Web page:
A-10 pilot miraculously lands Thunderbolt after gun malfunctions, canopy blows off & landing gear fails | American Military News

A-10 pilot miraculously lands Thunderbolt after gun malfunctions, canopy blows off & landing gear fails

Capt. Brett DeVries lands his A-10 Thunderbolt II despite multiple aircraft malfunctions

A-10 pilot miraculously lands Thunderbolt after gun malfunctions, canopy blows off & landing gear fails Featured (U.S. Air National Guard) Capt. Brett DeVries, an A-10 Thunderbolt II pilot of the 107th Fighter Squadron from Selfridge Air National Guard Base, poses next to the aircraft he safely landed after a malfunction forced him to make an emergency landing July 20 at the Alpena Combat Readiness Training Center.

Capt. Brett DeVries of the Michigan Air National Guard recently survived a number of malfunctions to safely land his A-10 Thunderbolt II.

DeVries, a pilot with the 107th Fighter Squadron, was training to drop dummy bombs and conduct strafe runs with his wingman Maj. Shannon Vickers and two other A-10s over Michigan’s Grayling Air Gunnery Range when  a “donut of gas” enveloped his gun and aircraft on July 20, according to Vickers.

The malfunction caused the A-10’s canopy to blow while flying at roughly 375 miles per hour.

“It was like someone sucker punched me,” DeVries recalled in a report. “I was just dazed for a moment.”

At only 150 feet in the air at the time, DeVries instinctively climbed up in altitude to 2,000 feet to put space between his aircraft and the ground. He then lowered his seat to take cover from the wind. After assessing the damage, the blown canopy had also damaged the bottom of the aircraft.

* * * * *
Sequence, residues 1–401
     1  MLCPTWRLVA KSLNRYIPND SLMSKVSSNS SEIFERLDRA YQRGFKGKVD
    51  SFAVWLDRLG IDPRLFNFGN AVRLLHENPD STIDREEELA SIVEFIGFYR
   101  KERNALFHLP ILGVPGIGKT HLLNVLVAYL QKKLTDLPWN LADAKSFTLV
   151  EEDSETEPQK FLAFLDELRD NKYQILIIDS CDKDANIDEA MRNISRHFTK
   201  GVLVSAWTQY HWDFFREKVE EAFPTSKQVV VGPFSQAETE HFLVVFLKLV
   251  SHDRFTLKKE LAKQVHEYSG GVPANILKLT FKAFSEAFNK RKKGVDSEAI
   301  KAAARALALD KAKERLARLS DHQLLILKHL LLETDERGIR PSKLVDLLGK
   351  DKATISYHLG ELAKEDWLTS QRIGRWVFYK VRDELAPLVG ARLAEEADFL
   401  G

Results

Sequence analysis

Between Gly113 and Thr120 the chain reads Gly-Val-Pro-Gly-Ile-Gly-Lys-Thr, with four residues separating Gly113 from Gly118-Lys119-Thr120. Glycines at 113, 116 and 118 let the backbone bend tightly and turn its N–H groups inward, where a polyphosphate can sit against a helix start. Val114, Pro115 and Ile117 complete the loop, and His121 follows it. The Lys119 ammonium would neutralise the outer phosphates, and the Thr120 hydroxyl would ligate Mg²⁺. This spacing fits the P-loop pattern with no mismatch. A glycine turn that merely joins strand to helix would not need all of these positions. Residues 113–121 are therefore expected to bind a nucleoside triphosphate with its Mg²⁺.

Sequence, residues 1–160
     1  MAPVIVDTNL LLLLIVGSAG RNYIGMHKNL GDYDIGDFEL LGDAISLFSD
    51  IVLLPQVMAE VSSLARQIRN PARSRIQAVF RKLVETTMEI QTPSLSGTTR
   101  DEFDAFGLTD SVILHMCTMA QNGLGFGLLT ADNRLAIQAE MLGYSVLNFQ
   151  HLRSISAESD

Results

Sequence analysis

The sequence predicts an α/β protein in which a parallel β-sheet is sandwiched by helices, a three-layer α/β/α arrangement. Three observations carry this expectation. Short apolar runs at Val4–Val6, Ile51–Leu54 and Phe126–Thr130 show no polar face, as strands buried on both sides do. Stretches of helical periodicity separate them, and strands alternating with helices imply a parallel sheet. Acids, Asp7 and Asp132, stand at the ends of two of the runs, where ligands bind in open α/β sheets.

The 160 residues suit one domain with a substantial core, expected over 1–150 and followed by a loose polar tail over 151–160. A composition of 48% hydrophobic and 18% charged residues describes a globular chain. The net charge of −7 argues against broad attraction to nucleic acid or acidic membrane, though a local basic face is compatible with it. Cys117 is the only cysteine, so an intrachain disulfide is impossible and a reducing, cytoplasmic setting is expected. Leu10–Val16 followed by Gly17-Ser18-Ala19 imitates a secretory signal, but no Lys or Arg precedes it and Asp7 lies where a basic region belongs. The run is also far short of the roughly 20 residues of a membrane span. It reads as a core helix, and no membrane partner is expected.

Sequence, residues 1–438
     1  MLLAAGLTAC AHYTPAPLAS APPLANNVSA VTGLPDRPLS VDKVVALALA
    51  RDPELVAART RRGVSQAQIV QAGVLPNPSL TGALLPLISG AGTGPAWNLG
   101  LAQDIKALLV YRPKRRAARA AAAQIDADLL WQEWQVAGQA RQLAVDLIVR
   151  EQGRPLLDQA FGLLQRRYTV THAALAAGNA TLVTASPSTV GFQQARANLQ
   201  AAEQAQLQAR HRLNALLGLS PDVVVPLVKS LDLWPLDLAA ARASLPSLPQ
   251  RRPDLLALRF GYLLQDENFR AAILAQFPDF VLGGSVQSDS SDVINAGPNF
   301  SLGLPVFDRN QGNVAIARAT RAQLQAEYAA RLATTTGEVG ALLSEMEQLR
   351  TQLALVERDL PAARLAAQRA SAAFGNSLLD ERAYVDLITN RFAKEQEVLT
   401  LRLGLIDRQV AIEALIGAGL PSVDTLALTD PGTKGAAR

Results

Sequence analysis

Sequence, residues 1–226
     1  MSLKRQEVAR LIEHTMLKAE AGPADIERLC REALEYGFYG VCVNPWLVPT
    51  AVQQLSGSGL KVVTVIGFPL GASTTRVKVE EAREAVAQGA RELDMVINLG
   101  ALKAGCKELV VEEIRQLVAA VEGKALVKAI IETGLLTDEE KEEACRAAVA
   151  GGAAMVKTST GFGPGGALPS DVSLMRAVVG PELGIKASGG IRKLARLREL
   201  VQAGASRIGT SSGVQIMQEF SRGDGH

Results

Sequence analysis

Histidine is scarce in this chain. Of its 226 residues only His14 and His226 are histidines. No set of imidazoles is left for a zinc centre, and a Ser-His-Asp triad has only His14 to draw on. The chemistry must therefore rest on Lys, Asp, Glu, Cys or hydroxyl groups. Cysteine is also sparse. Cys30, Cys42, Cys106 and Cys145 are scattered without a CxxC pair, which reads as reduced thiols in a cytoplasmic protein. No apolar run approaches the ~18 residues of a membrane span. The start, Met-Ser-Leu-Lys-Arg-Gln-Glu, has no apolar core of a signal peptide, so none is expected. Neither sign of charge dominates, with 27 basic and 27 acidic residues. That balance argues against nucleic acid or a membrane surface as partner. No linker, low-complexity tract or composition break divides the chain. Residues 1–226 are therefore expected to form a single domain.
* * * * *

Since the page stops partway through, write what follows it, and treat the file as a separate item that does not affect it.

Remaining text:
DeVries also worried about the safety of the ejection seat, as he thought it could possibly fail because the canopy had been blown off.

Both Vickers and DeVries determined that the best course of action was to fly to the Alpena Airfield and make an emergency landing.

With two primary radios cut out, DeVries had to rely on his third system while communicating with technicians on the ground who were making recommendations.

DeVries pushed down on the lever to lower the landing gear, only to find out that the nose gear was hung up from the gun damage. Vickers shouted “Gear Up” to DeVries so that he could return the landing gear to the “up” position.

“I just thought, ‘There is no way this is happening right now.’ It all was sort of surreal, but at the same time, we were 100 percent focused on the task ahead of us,” Vickers said.

DeVries managed to make a shallow and slow landing, coming out of the incident unscathed.

“Capt. DeVries’ skills as a pilot were put to the test in this incident,” said Brig. Gen. John D. Slocum, 127th Wing Commander. “He demonstrated not only superior skill as a pilot but remained calm in an extremely challenging situation. To walk away from this scenario with no injuries is a true testament to his abilities as a world-class fighter pilot.”